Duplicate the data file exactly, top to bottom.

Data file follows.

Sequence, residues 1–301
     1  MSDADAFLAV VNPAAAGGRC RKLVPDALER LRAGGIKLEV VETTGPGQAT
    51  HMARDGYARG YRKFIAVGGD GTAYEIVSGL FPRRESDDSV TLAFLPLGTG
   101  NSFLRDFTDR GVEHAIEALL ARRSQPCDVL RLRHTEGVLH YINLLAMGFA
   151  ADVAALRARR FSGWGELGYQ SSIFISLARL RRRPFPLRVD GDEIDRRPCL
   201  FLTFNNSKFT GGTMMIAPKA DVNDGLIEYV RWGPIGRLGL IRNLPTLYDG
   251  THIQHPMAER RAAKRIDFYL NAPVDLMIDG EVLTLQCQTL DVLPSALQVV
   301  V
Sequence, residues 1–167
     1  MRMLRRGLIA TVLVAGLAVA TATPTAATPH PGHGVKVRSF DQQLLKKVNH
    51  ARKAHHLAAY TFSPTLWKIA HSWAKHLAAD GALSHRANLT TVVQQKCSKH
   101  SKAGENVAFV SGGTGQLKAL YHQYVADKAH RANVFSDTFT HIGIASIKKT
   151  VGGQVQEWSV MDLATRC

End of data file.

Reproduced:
Sequence, residues 1–301
     1  MSDADAFLAV VNPAAAGGRC RKLVPDALER LRAGGIKLEV VETTGPGQAT
    51  HMARDGYARG YRKFIAVGGD GTAYEIVSGL FPRRESDDSV TLAFLPLGTG
   101  NSFLRDFTDR GVEHAIEALL ARRSQPCDVL RLRHTEGVLH YINLLAMGFA
   151  ADVAALRARR FSGWGELGYQ SSIFISLARL RRRPFPLRVD GDEIDRRPCL
   201  FLTFNNSKFT GGTMMIAPKA DVNDGLIEYV RWGPIGRLGL IRNLPTLYDG
   251  THIQHPMAER RAAKRIDFYL NAPVDLMIDG EVLTLQCQTL DVLPSALQVV
   301  V
Sequence, residues 1–167
     1  MRMLRRGLIA TVLVAGLAVA TATPTAATPH PGHGVKVRSF DQQLLKKVNH
    51  ARKAHHLAAY TFSPTLWKIA HSWAKHLAAD GALSHRANLT TVVQQKCSKH
   101  SKAGENVAFV SGGTGQLKAL YHQYVADKAH RANVFSDTFT HIGIASIKKT
   151  VGGQVQEWSV MDLATRC